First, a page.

Alinea Gender Equality Advisor Catherine Hill explains why gender equality matters in achieving transformative climate action.
In the early days of my career, I worked with the United Nations Commission on Science and Technology for Development. As a Policy Researcher, I was part of a team looking at the importance of local knowledge to agriculture. One of the key points that guided our work was the recognition that different people in households and communities often hold different knowledge in the use and conservation of agricultural biodiversity depending on gender among other dimensions, such as age. For example, women in a rice-growing region of Mali could identify 30 different varieties of traditional rice based on growth cycle, plant growth habit, plant height, number of stems, grain size and yield, colour, preparation quality, use and taste. Men had little knowledge about these traditional varieties of rice, instead understanding the three improved varieties they used in production.
Power of local knowledge
Through my work with the Commission, I learned about the power of local knowledge in strengthening food security, livelihoods and resilience to climate change.
Our ability to mitigate climate change and adapt to its impacts differs among groups of people because socially constructed norms reinforce often inequitable power relations and structural inequalities. Gender, age, ethnicity, ability, socio-economic status and geography can all affect access to resources, information, services and technologies, as well as participation in decision-making processes.
In communities around the world, women and adolescent girls, and in many cases younger men, have different capacities than adult men to prepare for and respond to the impacts of climate change. For example, they may have less access to climate information services and weather-based index insurance, leaving them without risk-management tools. Credit and financing institutions and mechanisms may not meet the specific needs or constraints of women or youth, who may also face limited access to credit or information to support the adoption of adaptation technologies or practices, such as drought-tolerant seeds and livestock breeds.
People with disabilities may face greater climate-related challenges in rural areas where infrastructure, resources and services are not as available as in urban centres. Women, and even men living with disabilities, Indigenous peoples, and internally displaced people may also be more likely to face exclusion from decision-making processes focused on identifying and prioritizing climate solutions.
Evidence shows climate change can aggravate gender-based violence. In times of drought and water shortage, women and girls may be at greater risk of violence from men as they must walk greater distances to collect water and firewood. Climate crises can also cause families to marry off adolescent and younger girls, increasing the likelihood of early pregnancies and associated health risks, as well as having to leave school. For women and girls with disabilities, discriminatory social norms and stigma often exacerbate these impacts.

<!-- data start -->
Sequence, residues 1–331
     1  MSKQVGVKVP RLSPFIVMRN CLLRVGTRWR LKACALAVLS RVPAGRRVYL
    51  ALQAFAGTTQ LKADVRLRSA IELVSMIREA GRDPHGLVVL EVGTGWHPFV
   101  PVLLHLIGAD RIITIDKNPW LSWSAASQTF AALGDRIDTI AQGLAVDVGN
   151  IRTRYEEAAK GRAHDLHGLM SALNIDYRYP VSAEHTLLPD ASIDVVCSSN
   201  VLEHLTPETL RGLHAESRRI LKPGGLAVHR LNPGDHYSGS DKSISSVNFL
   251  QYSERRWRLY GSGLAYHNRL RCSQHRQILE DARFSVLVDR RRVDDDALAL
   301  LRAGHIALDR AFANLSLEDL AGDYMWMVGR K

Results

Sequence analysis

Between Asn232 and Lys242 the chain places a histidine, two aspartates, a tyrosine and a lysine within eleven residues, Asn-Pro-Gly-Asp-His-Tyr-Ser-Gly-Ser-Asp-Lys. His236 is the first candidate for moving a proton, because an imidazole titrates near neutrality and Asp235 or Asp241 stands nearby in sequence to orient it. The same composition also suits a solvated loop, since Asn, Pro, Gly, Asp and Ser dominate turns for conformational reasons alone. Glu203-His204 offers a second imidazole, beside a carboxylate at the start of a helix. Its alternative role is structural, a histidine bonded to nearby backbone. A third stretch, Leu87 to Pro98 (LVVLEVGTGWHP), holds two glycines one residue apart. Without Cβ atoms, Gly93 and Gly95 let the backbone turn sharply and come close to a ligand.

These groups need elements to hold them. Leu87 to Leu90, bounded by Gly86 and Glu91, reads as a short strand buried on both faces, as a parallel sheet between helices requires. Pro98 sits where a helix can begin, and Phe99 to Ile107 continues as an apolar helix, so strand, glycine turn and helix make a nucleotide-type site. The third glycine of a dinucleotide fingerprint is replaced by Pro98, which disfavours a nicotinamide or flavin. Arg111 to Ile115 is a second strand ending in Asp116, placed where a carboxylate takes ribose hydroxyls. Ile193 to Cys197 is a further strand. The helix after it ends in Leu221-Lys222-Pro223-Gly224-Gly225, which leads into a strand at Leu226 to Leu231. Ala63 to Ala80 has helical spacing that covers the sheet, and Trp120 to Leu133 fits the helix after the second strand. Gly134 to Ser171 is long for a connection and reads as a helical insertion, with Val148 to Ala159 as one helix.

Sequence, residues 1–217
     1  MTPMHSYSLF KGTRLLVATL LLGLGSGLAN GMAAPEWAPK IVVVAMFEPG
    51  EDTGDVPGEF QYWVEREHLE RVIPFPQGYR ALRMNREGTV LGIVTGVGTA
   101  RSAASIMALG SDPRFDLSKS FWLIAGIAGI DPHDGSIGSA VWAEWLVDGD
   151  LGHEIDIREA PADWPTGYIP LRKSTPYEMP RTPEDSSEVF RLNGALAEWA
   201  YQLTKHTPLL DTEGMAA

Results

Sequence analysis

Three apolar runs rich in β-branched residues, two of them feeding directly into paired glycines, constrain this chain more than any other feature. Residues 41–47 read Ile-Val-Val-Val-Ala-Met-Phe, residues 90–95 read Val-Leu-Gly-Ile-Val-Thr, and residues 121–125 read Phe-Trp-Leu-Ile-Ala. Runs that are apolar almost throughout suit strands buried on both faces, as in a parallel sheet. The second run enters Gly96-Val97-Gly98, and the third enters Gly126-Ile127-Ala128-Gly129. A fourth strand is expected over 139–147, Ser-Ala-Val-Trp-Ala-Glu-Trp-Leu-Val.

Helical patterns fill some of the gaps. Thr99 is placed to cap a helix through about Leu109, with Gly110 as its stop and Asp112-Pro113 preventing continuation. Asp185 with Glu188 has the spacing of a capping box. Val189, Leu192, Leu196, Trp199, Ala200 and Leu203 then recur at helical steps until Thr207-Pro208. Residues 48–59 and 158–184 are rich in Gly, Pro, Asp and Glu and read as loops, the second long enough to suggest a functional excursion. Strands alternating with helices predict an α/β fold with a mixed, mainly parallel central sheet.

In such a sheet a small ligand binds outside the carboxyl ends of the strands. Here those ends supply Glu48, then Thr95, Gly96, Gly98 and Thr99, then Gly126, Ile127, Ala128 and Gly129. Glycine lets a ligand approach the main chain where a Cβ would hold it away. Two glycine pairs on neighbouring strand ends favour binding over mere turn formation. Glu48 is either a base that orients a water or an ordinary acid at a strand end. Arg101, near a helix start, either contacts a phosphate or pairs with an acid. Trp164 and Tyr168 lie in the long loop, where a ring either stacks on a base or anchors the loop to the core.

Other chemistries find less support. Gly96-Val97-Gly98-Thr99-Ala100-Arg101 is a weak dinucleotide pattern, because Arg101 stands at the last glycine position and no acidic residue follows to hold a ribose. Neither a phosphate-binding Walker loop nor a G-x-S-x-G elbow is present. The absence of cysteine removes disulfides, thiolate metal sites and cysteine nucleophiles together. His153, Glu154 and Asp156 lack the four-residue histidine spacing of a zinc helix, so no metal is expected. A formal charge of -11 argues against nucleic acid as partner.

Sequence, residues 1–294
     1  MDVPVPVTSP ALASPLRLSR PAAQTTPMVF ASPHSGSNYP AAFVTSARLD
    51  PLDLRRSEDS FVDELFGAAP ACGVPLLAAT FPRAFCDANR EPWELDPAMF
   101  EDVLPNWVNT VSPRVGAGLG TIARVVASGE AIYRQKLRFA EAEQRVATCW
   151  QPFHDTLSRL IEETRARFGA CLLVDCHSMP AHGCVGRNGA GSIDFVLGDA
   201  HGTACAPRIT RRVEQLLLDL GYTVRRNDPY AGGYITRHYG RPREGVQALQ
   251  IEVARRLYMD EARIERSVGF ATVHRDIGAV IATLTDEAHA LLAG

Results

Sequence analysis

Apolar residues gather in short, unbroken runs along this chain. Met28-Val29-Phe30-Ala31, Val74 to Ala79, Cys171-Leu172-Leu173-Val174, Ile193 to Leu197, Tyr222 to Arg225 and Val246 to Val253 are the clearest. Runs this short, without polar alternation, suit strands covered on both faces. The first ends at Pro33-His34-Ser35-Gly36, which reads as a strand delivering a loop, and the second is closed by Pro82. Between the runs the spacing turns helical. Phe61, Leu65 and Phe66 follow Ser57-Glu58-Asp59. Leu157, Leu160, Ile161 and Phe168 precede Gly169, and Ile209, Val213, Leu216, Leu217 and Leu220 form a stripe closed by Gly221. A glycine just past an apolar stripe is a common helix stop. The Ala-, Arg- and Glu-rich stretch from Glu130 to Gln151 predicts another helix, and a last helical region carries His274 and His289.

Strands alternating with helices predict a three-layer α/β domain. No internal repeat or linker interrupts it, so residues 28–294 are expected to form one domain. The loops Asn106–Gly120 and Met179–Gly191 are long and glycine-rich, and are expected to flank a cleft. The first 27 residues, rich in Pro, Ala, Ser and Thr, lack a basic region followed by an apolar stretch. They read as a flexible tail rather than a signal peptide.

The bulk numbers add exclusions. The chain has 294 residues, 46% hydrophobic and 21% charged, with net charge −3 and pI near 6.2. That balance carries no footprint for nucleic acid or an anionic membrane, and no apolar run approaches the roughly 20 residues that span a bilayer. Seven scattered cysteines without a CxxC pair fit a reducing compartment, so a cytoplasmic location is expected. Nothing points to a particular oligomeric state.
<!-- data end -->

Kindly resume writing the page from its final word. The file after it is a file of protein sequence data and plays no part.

Women as catalysts for climate solutions
However, more women than ever are catalysts for change — organizing and leading climate solutions in their communities and around the world. Increasingly, organizations and networks are supporting women and marginalized groups and communities to strengthen their leadership skills in climate actions at all levels, as well as negotiation skills in formal climate-related decision-making processes. Women, youth, LGBTQ2I, Indigenous peoples and people living with disabilities are using information and communication technologies and networks to strengthen climate action and advocacy and influence decision-making.
This momentum offers an opportunity to leverage the growing commitment to identifying and implementing gender-responsive, socially inclusive climate solutions.
About Catherine: For more than 25 years, Catherine has applied her gender equality experience on climate change, adaptation planning, agrobiodiversity, food security, livestock, avian influenza, and HIV and AIDS to strengthen the agriculture sector. Her background includes supporting policy, programming, research and capacity initiatives with governments, the UN, the CGIAR and civil society across all regions. As a policy researcher, she supported UN commissions on science and technology (UNCSTD) and plant genetic resources (CGRFA), as well as the UN Inter-Agency Task Force on Rural Women. Catherine is a Founding Member of WOCAN: Women Organizing for Change in Agriculture and Natural Resource Management.